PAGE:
On July 18, 2012, Toronto FC continued its recent good form (after a truly horrible start to the season) and defeated Colorado Rapids 2:1 before home crowd at the BMO Field. This was an important game to both teams which were seemingly heading in the opposite direction. Toronto FC was playing for its third win in a row. Colorado, on the other hand, was trying to avoid its fourth loss in a row. Ultimately, Toronto FC prevailed and continued its remarkable recent resurgence while Colorado’s search for a better form goes on.
But the game was also remarkable for a controversial refereeing decision. In the second minute of the game, Colorado goalkeeper Matt Pickens brought down in the penalty area Toronto striker Eric Avila. As you watch the video, you clearly see that Pickens pulls down Avila down to the ground and successfully prevents him from taking a shot at the goal. Mr. Ismail Elfath, the match referee, correctly pointed to the spot. As the situation continues to unfold, you can see Mr. Elfath reaching to his back pocket (presumably for a red card), but then he appears to change his mind and instead begins to reach to his front jersey pocket (presumably for a yellow card). In the end, neither yellow nor red card came out and Pickens escaped from the entire encounter without any punishment!
Mr. Elfath erred and Pickens should have been sent off for denying an obvious goal scoring opportunity. Indeed, Pickens misconduct was a textbook example of what constitutes a foul that denies “an obvious goal-scoring opportunity.” Law 12 states that a player must be sent off, if he denies “an obvious goal-scoring opportunity to an opponent moving towards the player’s goal by an offense punishable by a free kick or a penalty kick.” In addition, IFAB clarified that “a player must be sent off if he denies an obvious goal-scoring opportunity by holding an opponent.” Finally, IFAB explained that “referees should consider the following circumstances when deciding whether to send off a player for denying a goal or an obvious goal-scoring opportunity:
- the distance between the offence and the goal
- the likelihood of keeping or gaining control of the ball
- the direction of the play
- the location and number of defenders
- the offense which denies an opponent an obvious goal-scoring opportunity may be an offence that incurs a direct free kick or an indirect free kick”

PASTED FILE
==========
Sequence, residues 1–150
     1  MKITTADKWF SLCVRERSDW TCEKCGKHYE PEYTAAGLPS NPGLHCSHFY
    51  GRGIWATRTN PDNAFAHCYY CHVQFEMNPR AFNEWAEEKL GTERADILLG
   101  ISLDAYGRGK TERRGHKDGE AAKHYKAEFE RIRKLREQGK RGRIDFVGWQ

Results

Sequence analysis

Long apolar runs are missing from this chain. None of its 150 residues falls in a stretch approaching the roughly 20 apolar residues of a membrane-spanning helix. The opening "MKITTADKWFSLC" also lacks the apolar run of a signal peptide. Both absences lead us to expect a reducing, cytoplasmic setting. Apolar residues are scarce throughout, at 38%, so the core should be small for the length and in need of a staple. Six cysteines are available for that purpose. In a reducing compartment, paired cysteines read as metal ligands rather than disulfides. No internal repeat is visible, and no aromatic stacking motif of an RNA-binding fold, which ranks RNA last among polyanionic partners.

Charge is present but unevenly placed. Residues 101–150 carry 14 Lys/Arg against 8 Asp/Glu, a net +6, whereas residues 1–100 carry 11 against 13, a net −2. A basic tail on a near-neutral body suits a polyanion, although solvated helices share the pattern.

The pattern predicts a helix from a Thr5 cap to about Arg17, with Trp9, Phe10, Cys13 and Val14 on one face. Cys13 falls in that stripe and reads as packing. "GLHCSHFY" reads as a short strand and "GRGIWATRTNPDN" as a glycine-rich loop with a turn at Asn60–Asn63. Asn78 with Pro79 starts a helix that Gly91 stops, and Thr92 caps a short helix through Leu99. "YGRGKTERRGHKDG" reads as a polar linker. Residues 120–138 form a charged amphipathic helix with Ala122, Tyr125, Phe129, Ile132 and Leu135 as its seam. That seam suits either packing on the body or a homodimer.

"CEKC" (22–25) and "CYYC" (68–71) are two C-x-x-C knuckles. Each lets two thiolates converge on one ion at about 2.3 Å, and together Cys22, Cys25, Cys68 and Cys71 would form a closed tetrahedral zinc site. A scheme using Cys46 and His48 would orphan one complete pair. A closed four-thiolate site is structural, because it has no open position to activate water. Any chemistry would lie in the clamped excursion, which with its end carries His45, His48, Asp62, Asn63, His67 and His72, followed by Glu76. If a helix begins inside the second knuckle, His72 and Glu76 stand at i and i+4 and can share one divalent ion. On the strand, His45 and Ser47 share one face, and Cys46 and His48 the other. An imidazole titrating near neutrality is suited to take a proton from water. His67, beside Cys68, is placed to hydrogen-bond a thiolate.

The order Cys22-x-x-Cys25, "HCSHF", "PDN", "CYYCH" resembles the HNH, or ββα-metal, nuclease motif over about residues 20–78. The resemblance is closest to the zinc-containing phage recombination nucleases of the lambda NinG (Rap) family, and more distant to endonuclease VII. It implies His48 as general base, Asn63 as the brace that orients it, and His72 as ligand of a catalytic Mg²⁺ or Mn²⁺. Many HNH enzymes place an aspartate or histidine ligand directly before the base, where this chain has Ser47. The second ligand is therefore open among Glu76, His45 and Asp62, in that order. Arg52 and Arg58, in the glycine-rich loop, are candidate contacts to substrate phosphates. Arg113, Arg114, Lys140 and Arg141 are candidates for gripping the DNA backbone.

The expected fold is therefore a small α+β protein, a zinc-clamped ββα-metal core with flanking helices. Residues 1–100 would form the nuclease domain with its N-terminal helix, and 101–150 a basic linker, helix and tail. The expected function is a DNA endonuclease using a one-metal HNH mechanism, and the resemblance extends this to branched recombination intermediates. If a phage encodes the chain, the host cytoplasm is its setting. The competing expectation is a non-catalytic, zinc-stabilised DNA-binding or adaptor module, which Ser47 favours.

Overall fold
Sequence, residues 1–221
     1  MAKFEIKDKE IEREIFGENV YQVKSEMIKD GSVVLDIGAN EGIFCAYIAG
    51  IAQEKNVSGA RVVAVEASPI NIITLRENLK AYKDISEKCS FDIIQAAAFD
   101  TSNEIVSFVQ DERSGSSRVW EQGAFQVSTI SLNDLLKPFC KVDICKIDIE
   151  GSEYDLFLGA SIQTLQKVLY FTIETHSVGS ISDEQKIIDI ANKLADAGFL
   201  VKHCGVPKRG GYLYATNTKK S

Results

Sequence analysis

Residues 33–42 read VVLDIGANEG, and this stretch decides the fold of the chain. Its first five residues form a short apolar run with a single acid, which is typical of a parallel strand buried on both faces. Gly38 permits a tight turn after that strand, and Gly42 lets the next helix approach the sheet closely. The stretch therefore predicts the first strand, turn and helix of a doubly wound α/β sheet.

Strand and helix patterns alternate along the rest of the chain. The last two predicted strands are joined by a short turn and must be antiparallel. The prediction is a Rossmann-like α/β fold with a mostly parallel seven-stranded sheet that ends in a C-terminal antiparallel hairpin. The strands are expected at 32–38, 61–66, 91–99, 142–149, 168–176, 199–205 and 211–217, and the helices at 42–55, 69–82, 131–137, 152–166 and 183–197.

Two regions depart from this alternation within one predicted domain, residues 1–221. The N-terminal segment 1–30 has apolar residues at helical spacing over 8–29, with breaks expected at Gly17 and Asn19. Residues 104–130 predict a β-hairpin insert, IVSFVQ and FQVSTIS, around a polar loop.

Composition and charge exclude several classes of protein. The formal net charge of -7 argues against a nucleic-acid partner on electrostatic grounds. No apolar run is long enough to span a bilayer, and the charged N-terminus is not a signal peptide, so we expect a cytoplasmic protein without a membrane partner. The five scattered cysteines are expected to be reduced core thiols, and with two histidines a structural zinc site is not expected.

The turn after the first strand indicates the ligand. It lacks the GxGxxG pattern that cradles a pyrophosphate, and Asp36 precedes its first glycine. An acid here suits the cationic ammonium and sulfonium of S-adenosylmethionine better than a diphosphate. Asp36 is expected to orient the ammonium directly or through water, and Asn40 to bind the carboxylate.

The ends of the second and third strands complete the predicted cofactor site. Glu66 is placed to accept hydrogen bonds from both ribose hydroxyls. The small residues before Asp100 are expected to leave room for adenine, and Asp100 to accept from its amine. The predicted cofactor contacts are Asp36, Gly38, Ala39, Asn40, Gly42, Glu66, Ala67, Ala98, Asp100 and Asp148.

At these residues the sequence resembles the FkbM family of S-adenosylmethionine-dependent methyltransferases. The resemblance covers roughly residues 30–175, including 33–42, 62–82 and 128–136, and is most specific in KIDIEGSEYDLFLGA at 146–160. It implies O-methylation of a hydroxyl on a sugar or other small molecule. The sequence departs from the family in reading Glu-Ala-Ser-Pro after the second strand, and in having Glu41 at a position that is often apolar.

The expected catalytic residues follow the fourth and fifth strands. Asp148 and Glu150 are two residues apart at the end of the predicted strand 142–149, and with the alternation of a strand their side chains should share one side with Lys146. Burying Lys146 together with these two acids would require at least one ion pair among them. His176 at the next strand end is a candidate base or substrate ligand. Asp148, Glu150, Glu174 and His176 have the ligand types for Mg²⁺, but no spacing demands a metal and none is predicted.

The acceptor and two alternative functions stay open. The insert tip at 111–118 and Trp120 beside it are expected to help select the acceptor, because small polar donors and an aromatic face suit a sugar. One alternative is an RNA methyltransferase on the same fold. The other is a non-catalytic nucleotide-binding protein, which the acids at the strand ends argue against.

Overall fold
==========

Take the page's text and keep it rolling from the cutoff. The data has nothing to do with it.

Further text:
USSF also spoke on the subject and, in its September 16, 2002 Memorandum titled Obvious Goal-Scoring Opportunity Denied (the 4Ds), stated that “Law 12 provides that a defender whose violation of the Law prevents a goal or denies an obvious goal-scoring opportunity must be sent off and shown the red card. The ‘professional foul’ which is taken in a cynical attempt to prevent opponents from scoring requires a quick, firm response by the referee. Such misconduct by the defender overshadows the severity of the foul itself. In order for a player to be sent off for denying an ‘obvious goal-scoring opportunity’, four elements must be present:
- Number of Defenders — not more than one defender between the foul and the goal, not counting the defender who committed the foul
- Distance to goal — the closer the foul is to the goal, the more likely it is an obvious goal-scoring opportunity
- Distance to ball — the attacker must have been close enough to the ball at the time of the foul to have continued playing the ball
- Direction of play — the attacker must have been moving toward the goal at the time the foul was committed
If any element is missing, there can be no send off for denying an obvious goal-scoring opportunity. Further, the presence of each of these elements must be “obvious” in order for the send off to be appropriate under this provision of Law 12.”
Again, Pickens misconduct was a textbook example of what constitutes a foul that denies “an obvious goal-scoring opportunity” and his actions met all of the criteria specified by IFAB and USSF:
Distance to Goal: When Pickens makes contact with Avila, the Toronto FC striker is no more than 8/9 yards away from the goal and he is in the central part of the penalty area.
Number/Location of Defenders: There are three Colorado defenders in the vicinity but the one closest to the action is at least 3 yards behind Avila and Pickens when the fould is committed.
Direction of play: Avila is directly in front of Colorado’s goal and sprinting pass Pickens. He is most definitively moving straight towards Colorado’s goal.
Control/Distance to the Ball: Avila is clearly in control of the ball when Pickens makes contact with him. Even after the contact, Avila would have been able to get to the ball if Pickens did not pull him down.
There is no doubt that Pickens deserved to be sent off because his professional foul denied Avila an obvious goal-scoring opportunity. The referee’s failure to punish it with a red card was surprising. The only other more surprising development during this entire episode was that Pickens received no punishment at all – not even a yellow card! We speculate that the fact that this was only the second minute of the game influenced the referee’s decision here. But the timing of the foul has no bearing on the punishment for denying an obvious goal-scoring opportunity and Pickens should have been sent off.